This year, that most wonderful season — summer — is shaping up to be a particularly hot one.
It’ll be the perfect time for days spent outdoors at the beach or pool, or for late afternoon grilling sessions.
And as we hear frequently, all that time in the sun comes with risks.
Getting too much sun is dangerous, and skin cancer is a very real risk for anyone who spends extended periods of time outside without covering up or wearing sunscreen (which you should do, religiously).
But there’s also more and more evidence that there are also good reasons for you to soak up some rays — in moderation, of course. Sunshine can help your body clock and your mood, and it may even be essential for your health.
1. Women who spent the most time in the sun outlived those who avoided its rays.
That’s according to a recent study that followed almost 30,000 Swedish women for 20 years.
The women who spent the most time in the sun outlived those who avoided the sun by .6 to 2.1 years, on average, mostly due to lower rates of cardiovascular disease and other non-cancer causes of death.
The study authors controlled for factors like smoking, exercise, and obesity, though they only collected some of that information (like that on exercise) midway through the study.
Those who spent most time in the sun did have higher cancer rates, though the authors largely attribute that to the fact that they lived longer.
This was an observational study, so the authors can’t say that getting more sun was responsible for longer lives. But they think it’s possible that the vitamin D boost people get by spending time in the sun could be a possible explanation for things like improved cardiovascular health.
2. Sunlight wakes you up in the morning and makes it easier for you to fall asleep at night.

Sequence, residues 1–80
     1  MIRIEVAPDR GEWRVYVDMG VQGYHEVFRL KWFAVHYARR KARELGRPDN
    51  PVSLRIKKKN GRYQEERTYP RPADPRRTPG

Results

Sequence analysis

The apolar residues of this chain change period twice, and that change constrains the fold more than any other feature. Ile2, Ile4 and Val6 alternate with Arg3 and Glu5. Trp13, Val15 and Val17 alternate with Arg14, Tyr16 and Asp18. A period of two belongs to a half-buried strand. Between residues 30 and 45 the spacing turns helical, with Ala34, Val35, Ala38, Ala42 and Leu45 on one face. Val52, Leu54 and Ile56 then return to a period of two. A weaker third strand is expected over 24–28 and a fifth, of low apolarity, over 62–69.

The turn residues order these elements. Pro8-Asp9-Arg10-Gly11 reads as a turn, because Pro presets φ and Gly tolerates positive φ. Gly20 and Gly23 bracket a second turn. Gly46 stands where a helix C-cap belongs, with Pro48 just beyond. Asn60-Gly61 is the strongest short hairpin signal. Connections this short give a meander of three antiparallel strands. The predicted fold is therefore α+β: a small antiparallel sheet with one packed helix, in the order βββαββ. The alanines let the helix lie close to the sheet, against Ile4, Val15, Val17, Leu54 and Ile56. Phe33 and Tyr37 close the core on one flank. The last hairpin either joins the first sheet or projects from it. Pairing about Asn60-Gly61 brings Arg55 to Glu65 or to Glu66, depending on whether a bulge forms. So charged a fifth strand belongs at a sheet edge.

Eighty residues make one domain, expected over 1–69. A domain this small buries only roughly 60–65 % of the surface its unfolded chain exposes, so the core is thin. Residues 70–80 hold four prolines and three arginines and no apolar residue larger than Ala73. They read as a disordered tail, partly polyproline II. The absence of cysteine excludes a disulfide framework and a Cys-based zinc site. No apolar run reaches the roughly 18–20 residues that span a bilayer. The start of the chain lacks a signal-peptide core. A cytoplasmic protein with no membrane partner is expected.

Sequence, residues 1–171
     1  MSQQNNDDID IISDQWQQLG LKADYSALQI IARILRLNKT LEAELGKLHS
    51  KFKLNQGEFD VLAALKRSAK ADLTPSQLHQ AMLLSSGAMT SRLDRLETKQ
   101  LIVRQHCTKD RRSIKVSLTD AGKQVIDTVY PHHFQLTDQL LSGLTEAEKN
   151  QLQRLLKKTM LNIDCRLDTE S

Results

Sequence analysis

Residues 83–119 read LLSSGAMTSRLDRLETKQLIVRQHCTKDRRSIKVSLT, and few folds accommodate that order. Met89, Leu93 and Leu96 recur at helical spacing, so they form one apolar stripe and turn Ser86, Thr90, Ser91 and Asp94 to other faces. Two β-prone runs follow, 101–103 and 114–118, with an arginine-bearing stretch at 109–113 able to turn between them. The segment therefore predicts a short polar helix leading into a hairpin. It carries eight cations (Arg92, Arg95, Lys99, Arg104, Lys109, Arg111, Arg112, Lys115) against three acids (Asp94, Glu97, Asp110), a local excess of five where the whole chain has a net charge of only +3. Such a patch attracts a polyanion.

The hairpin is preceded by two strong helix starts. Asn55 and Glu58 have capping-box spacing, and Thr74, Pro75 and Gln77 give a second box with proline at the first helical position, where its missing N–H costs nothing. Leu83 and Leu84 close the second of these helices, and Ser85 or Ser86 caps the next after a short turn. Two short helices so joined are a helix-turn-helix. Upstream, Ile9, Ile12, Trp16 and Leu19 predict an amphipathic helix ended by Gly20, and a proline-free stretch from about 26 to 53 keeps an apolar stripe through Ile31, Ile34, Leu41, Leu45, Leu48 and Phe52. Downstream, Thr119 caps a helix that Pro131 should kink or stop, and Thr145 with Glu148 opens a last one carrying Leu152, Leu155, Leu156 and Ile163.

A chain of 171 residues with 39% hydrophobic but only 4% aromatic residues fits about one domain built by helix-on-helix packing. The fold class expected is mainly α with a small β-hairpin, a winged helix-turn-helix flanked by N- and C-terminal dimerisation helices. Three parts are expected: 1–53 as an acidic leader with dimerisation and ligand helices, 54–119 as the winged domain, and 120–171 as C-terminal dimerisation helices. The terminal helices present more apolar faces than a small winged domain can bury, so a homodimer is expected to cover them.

Studies of the internal “body clock,” or circadian rhythm, show that the best way to adjust to a new time zone is to expose yourself to light at the right time in the morning.
Even if you aren’t trying to adjust to a new time zone, this is important because exposure to bright natural light via the sun tells your body that it’s daytime, which signals your brain to stop producing melatonin, the hormone that regulates your circadian rhythm. That cue sets your internal clock for the rest of the day, and sets your brain up to start producing melatonin again when you want to go to sleep at night. According to the National Institutes of Health, you’ll sleep better if you get an hour of natural light in the morning.
3. Spending mornings in the sun might also help you keep weight off.
Adults who get sunlight early in the day are likely to have a lower body mass index, a measure that takes into account weight and height, according to a recent study.
The fact that people sleep better if they get light in the morning could account for this, since people who get enough sleep have an easier time managing their weight. But even after controlling for sleep time, the association between a lower BMI and morning light was still significant — meaning that the connection between morning sun and staying slim wasn’t just due to better sleep.
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